Discipline in investments comes with experience and age, says Neil Bahal of Negen Capital
Neil Bahal, Founder & CEO, Negen Capital
One of the most common mistakes of new-age investors is a lack of discipline, says Neil Bahal, Founder & CEO, Negen Capital.
In an interview with MintGenie, Bahal said that asset allocation depends on the income and expense profile of investors.
Q. What is the first advice you give to your clients while giving them portfolio management services?
Q. How do you advise your clients on rebalancing a well-diversified portfolio?
Rebalancing an equity portfolio is not as easy as it looks. The biggest mistake new investors make is that they sell profit-making positions immediately and hold loss-making investments forever. It should ideally be the opposite.
I believe that investors should look at their portfolio as a mini-ETF and whenever they do a systematic investment plan (SIP), they should buy the whole portfolio on a pro-rata basis and not just pick whatever has gone down the most.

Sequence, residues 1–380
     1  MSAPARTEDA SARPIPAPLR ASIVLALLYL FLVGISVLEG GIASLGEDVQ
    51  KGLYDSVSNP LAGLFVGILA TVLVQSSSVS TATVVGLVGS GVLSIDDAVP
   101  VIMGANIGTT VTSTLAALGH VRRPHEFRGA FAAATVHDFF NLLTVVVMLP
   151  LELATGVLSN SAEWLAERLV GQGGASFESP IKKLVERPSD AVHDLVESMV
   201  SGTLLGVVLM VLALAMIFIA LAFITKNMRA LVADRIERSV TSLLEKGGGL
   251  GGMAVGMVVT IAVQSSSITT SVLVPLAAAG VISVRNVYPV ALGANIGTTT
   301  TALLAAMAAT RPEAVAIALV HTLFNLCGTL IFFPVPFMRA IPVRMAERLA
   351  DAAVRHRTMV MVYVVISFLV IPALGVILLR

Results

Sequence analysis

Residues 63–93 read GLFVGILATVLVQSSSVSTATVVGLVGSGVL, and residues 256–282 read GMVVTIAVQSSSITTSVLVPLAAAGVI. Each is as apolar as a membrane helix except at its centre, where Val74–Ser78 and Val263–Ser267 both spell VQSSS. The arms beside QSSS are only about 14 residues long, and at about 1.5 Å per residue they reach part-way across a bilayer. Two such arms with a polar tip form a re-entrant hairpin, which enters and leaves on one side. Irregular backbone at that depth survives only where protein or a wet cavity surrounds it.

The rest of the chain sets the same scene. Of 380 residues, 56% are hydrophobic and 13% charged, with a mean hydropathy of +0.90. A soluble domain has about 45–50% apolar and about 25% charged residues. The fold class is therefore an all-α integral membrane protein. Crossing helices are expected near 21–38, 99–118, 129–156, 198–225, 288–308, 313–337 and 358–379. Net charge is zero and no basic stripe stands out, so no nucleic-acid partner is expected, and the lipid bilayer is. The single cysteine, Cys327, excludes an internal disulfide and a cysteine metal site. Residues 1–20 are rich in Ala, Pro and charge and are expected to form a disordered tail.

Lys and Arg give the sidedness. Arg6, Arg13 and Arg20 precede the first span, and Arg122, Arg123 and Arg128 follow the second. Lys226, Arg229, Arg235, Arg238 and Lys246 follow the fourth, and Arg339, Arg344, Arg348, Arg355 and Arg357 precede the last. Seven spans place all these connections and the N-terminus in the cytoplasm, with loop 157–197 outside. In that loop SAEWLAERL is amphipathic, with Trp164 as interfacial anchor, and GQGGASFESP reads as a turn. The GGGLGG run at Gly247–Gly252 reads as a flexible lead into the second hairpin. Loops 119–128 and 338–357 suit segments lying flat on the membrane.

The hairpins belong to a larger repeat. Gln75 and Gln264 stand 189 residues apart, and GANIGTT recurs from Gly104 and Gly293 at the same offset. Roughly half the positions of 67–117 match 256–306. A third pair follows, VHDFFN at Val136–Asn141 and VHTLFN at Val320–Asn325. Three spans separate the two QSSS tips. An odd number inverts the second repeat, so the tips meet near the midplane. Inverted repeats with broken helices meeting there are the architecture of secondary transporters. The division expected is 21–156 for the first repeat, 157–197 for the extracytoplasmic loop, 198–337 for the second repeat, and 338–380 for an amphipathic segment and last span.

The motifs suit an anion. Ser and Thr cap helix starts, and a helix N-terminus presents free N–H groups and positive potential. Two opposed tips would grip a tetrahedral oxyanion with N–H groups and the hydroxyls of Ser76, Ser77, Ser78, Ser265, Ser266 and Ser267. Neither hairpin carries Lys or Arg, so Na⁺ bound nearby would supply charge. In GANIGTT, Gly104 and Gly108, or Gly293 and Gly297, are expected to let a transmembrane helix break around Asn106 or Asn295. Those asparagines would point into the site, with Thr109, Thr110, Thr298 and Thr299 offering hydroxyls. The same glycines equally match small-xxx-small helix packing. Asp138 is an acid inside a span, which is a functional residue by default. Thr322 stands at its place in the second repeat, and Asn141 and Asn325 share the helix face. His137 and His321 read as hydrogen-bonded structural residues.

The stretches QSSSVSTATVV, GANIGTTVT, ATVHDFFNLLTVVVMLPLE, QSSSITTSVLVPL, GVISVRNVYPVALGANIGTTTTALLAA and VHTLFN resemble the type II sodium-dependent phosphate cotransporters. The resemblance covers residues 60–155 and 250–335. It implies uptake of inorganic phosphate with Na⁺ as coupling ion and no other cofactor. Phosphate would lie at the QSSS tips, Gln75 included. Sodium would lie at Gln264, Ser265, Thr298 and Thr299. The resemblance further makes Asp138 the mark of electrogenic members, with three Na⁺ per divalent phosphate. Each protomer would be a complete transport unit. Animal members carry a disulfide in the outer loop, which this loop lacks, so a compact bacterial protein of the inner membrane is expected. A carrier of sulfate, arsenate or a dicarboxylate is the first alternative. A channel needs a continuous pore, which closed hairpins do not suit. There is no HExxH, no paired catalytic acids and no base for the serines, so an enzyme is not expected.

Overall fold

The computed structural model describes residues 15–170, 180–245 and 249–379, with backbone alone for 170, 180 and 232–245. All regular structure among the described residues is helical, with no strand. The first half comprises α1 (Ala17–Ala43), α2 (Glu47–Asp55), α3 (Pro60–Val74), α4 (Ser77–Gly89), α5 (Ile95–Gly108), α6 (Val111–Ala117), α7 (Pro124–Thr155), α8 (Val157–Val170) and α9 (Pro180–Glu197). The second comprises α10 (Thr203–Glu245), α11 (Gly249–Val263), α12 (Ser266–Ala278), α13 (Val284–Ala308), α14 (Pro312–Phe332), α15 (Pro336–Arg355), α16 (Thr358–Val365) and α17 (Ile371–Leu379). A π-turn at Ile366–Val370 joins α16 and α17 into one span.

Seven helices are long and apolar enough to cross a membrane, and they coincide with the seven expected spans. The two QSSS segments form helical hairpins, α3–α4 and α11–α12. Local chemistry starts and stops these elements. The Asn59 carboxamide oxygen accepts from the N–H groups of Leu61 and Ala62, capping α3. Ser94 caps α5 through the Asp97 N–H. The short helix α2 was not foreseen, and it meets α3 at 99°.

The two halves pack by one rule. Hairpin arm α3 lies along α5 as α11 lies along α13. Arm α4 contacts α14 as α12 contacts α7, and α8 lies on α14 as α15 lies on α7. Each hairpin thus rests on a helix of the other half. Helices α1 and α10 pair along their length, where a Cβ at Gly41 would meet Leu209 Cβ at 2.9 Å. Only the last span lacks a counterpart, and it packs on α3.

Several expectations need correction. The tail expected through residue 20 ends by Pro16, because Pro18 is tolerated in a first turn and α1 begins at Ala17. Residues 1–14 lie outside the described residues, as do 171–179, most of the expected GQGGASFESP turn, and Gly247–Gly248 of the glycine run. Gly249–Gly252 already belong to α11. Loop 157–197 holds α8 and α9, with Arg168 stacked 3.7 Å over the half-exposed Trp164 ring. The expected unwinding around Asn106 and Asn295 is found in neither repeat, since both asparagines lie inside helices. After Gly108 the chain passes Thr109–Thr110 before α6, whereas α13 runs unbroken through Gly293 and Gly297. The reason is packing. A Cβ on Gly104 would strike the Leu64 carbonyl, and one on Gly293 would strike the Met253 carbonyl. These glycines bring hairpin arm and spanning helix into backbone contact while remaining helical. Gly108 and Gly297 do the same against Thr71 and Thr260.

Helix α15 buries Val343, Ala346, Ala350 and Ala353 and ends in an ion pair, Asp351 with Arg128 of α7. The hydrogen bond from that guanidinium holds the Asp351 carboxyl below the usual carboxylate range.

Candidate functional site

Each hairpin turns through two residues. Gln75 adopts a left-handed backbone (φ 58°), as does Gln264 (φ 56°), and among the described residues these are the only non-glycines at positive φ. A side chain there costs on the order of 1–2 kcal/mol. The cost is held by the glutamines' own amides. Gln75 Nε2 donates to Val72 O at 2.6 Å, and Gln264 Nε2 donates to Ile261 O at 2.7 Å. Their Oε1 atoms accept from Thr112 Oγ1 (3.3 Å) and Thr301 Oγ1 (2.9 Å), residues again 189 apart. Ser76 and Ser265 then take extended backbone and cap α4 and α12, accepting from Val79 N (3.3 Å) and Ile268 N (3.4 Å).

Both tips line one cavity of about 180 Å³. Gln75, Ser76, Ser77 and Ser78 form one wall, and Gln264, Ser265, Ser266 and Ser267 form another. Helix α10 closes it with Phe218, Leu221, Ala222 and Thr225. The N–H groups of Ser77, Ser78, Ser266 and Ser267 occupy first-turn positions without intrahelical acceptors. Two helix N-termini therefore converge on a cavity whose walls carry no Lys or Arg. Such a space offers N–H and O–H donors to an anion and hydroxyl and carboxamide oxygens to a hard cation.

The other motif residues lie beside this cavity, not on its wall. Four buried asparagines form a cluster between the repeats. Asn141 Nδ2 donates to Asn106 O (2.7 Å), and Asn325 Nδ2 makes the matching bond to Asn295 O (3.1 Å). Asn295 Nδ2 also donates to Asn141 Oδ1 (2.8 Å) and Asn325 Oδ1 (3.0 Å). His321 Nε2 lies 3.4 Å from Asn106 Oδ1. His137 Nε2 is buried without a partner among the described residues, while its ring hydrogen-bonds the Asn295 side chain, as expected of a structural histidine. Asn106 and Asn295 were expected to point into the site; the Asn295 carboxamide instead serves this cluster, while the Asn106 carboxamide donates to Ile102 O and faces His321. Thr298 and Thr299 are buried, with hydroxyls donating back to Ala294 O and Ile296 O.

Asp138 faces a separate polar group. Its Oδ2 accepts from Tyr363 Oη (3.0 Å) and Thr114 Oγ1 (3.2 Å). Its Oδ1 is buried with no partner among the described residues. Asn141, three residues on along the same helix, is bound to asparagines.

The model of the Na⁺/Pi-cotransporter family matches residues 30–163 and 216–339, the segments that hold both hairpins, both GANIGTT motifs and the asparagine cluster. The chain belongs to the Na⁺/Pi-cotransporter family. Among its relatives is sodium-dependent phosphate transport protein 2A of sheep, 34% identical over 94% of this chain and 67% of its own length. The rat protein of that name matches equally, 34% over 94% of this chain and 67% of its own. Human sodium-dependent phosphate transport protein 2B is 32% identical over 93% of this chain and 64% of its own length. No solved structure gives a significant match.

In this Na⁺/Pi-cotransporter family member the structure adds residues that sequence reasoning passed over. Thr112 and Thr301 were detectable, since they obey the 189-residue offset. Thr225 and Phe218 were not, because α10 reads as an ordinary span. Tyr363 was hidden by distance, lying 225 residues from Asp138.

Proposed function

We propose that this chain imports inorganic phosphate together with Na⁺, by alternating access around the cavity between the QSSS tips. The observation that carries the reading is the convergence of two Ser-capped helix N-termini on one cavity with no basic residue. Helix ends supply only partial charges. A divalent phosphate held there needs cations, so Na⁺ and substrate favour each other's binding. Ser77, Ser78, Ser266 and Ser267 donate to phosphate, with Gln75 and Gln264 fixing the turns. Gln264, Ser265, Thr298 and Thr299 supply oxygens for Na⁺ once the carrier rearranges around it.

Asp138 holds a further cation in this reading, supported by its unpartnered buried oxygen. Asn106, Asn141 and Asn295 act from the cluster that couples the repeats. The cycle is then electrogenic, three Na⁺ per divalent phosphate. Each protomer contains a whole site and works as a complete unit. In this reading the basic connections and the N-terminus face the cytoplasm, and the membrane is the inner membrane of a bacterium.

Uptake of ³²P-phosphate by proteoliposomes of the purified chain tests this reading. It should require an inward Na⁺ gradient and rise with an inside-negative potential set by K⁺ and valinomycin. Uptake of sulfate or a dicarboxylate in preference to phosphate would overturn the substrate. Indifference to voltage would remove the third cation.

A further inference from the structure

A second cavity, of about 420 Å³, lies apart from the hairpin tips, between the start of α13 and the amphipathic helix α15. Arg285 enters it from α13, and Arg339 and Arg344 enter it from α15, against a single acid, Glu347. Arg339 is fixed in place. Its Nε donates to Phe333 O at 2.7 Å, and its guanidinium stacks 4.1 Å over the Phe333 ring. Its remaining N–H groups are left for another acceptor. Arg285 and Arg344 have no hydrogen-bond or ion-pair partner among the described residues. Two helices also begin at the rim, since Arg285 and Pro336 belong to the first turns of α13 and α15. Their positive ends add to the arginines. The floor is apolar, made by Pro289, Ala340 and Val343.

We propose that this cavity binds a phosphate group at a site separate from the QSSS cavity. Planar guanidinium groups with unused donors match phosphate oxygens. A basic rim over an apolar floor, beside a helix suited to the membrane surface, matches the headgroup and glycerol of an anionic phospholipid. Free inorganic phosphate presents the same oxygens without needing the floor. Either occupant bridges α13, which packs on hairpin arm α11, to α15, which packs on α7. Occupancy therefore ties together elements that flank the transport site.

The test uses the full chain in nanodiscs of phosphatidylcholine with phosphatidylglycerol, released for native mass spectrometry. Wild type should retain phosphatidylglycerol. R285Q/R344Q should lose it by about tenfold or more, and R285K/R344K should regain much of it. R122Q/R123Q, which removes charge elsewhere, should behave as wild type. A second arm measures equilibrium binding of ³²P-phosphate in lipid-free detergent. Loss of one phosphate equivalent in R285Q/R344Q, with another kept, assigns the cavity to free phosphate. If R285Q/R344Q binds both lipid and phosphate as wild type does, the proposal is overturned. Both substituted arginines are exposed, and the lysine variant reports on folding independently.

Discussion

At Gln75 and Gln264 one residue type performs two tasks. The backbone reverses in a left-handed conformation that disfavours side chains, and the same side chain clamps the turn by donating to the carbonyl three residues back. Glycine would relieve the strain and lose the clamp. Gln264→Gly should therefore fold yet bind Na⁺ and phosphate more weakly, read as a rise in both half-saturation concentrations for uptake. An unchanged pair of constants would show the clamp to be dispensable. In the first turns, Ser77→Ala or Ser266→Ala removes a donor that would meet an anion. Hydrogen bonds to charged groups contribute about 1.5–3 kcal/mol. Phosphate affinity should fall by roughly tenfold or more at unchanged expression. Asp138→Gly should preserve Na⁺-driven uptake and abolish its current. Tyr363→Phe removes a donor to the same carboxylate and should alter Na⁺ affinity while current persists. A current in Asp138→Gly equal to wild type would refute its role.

Q. Many people are not able to balance the risk versus reward component while deciding their investments. How do you advise on the right asset allocation then?
Asset allocation depends on the income and expense profile of investors. The answer would be very much tailor-made for everyone. But, overall, it’s always much safer to have diversification in your asset mix. Always best to have a financial advisor guiding you with various options.
Q. Do you advocate the active or passive asset allocation strategy?
Q. What common mistakes do you think new-age investors make while deciding on their choice of investments?
One of the most common mistakes from new-age investors is a lack of discipline. Many people have a huge allocation to cryptocurrency, for example, which isn’t right. Of course, discipline comes with experience and age. Everyone goes through their learning curve.
Q. What are the common mistakes made while rejigging investment portfolios in sync with market changes?
A lot of rejigging is done in a panicked state of mind, that’s the biggest mistake. A bear market sees outflows and a bull market sees inflows. Again, it should be the other way around.